CM 508 - CLASSICAL RHETORIAL THEORY

Semester Hours: 3

This course surveys the early development of rhetorical theory in the Western world, from its sophistic origins in the 5th century BCE, through the Greek philosophers and educators, to the Romans and early Christians.

CM 514 - CREATIVE NONFICTION WRITING

Semester Hours: 3

This course introduces students to the genre of creative non-fiction. Undergraduate students (CM 414) will write five essays and revise toward a final writing portfolio. Graduate students (CM 514) will write five essays and a collage assignment, revising toward a final portfolio.

CM 518 - LEGAL ARGUMENT

Semester Hours: 3

This course examines argumentation in legal communities, that is, the way lawyers and judges provide reasoned support for the positions they defend concerning what the law requires in a given case. It considers common forms of legal argument, sources and forms of evidence, and legal values that underlie legal argument. It provides students with a critical perspective from which to judge legal arguments and a basic set of tools for developing legal arguments. This course will not provide any in-depth consideration of the content of civil, criminal or constitutional law, but will use examples from various areas of law to illustrate how legal arguments are developed.

CM 526 - BURKEIAN THEORY & CRITICISM

Semester Hours: 3

This course surveys key concepts in the theory of Kenneth Burke and their discussion and applicationn of rhetorical scholars. Through readings, lectures and class discussions students will gain insight into this, the most important rhetorical theorist of the 20th century.

CM 530 - MASS MEDIA IN AMERICA

Semester Hours: 3

CM 533 - DARK SIDE INTERPERSONAL COMM

Semester Hours: 3

Research from the dark side of communication has typically been studied from a single standpoint confined to a specific context. This couse offers a more complete view of human communication by exploring a variety of topics related to the "darker" side of interactions situated in the contexts of Interpersonal Communication, Organizational Communication, Computer Mediated Communication, Health Communication, and Blended Communication. By merging theory and practical application, the different contexts provide students with an enhanced understanding of how dark side behaviors anre experienced and communicated.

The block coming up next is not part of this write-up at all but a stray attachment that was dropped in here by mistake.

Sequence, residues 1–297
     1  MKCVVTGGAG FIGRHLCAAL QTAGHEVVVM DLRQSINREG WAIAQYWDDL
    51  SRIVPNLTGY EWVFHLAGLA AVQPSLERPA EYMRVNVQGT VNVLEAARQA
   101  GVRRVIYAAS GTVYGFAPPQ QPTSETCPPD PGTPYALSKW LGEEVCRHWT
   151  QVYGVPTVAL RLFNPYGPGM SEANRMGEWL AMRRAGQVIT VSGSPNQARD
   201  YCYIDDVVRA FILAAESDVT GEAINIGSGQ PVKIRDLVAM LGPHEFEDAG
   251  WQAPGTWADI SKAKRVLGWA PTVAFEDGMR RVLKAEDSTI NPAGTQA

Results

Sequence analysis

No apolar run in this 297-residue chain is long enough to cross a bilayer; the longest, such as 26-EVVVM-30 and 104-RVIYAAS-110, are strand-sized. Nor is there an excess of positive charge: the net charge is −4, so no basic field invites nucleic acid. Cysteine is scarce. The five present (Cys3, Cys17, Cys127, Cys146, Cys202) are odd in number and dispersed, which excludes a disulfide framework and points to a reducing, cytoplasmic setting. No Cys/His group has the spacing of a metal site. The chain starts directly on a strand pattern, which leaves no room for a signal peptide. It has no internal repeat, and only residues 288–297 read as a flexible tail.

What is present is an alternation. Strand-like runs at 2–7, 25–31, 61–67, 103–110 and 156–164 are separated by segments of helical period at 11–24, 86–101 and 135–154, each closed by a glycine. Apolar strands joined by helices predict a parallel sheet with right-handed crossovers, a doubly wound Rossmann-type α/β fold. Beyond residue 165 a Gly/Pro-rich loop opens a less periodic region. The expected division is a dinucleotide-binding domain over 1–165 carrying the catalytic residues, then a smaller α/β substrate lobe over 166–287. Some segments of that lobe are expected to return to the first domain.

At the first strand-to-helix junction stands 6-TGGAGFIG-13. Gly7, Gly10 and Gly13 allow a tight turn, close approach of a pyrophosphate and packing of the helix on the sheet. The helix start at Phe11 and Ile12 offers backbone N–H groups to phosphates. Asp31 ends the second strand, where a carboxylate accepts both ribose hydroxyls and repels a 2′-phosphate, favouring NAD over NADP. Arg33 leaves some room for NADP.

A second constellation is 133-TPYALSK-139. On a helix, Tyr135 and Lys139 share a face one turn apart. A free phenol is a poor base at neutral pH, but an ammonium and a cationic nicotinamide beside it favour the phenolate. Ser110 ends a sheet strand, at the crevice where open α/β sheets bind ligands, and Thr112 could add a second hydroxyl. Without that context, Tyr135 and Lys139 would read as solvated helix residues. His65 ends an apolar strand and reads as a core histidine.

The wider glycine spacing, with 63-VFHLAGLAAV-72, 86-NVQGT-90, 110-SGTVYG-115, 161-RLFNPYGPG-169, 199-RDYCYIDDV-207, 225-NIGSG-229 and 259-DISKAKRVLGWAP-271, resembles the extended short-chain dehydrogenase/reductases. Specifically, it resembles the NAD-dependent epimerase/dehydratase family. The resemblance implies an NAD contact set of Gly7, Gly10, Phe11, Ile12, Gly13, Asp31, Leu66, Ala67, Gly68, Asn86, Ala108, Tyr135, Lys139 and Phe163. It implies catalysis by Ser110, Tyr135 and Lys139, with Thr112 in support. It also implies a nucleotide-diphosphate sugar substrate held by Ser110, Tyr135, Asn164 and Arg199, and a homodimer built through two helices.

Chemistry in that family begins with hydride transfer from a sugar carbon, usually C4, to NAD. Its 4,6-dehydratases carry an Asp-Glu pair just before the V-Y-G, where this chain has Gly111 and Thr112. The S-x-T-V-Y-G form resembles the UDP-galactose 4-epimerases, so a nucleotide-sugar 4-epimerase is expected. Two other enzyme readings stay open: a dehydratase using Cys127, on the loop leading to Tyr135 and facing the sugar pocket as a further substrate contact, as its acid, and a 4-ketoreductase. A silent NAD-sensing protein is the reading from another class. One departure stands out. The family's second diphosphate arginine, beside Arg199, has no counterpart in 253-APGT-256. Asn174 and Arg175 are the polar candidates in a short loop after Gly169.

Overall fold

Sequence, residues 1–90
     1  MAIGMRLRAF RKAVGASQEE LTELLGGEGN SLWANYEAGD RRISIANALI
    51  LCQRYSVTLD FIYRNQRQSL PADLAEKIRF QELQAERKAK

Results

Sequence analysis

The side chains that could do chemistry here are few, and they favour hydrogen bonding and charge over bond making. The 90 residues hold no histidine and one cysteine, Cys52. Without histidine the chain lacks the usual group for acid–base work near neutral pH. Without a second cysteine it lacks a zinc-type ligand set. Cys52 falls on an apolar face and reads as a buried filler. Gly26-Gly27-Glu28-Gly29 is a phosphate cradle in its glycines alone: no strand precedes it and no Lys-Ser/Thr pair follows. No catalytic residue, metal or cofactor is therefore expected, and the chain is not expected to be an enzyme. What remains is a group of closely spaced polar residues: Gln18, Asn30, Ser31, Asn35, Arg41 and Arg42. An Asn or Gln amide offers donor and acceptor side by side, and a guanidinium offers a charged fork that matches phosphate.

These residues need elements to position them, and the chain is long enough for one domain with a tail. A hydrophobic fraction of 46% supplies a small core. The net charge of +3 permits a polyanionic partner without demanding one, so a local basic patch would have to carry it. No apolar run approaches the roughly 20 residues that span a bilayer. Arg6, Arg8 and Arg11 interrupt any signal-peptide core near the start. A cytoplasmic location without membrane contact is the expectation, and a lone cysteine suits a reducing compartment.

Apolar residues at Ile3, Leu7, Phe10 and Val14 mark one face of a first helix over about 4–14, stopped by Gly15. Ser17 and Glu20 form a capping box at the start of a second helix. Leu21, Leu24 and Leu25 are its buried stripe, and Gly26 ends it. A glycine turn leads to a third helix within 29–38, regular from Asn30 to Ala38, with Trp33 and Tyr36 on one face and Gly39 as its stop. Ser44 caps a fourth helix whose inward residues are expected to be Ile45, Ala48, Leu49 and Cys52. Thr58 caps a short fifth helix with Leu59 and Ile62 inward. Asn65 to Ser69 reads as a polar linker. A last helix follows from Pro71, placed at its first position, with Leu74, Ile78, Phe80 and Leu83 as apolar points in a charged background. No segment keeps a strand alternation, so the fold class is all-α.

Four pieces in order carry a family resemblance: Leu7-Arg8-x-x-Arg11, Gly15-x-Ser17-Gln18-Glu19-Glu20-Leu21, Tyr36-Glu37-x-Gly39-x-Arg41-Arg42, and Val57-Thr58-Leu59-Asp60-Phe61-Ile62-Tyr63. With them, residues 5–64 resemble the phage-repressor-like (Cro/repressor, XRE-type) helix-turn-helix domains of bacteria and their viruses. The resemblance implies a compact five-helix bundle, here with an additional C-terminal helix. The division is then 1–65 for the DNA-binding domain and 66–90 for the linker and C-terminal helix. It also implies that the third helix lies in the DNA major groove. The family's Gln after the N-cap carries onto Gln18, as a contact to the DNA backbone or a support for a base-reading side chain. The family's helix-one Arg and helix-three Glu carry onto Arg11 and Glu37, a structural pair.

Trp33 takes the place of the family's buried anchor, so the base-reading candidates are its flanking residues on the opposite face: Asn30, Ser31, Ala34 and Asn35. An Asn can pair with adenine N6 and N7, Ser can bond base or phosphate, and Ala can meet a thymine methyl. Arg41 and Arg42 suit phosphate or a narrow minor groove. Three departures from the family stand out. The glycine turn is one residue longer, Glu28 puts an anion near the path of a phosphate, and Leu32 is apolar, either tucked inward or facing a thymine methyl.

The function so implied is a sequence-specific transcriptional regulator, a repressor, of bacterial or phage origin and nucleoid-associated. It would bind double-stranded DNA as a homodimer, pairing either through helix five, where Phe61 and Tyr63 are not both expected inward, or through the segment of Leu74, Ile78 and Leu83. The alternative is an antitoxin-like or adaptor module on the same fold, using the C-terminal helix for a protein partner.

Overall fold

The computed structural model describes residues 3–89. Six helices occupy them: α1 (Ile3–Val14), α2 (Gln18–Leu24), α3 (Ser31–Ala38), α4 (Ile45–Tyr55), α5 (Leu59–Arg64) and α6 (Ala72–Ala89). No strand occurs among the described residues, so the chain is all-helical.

CM 544 - ADVERTISING

Semester Hours: 3

This course defines advertising and considers how it works, how it is developed, and some controversies surrounding its use.

CM 551 - ORGANIZATIONAL TRAIN & DEVELOP

Semester Hours: 3

Provides studetns with the opoprtunity to learn to design, and execute, professional organizational training programs. Students learn to design needs assessments, write training proposals and contracts, as well as design budgets, training scripts, presentations and post-evaluations for companies.

CM 552 - USER-CENTERED DESIGN

Semester Hours: 3

Introduces students to user-centered design principles that inform the practice of user experience design. Students will use visual thinking as they complete contextual inquiries and mapping exercies.

CM 554 - NEW MEDIA WRITING & RHETORIC

Semester Hours: 3

This course teaches students to consider and implement rhetorical principles across a variety of media and includes an examination of communication strategies used widely in academic and industry settings. The course focuses on new media through an exploration of digital technologies and the way digital culture and new media have dramactically impacted reading, writing and research practices.

CM 610 - COMMUNICATION PEDAGOGY

Semester Hours: 3

This course is designed to prepare students for teaching in the field of communication. Toward this end, students will explore a mix of theories, methods, and strategies related to communication pedagogy. Students will also have the opportunity to develop their teaching competency by engaging in various teaching assignments.

CM 675 - RHETORICAL CRITICISM

Semester Hours: 3

This course examines how rhetorical scholars analyze persuasive discourse, providing hands-on opportunities for students to engage in such analyses. It examines significant variables in rhetorical processes, a number of methods employed to understand adaptations to rhetorical needs, and considers pragmatic, ethical, social and ideological dimesions of persuasive discourse.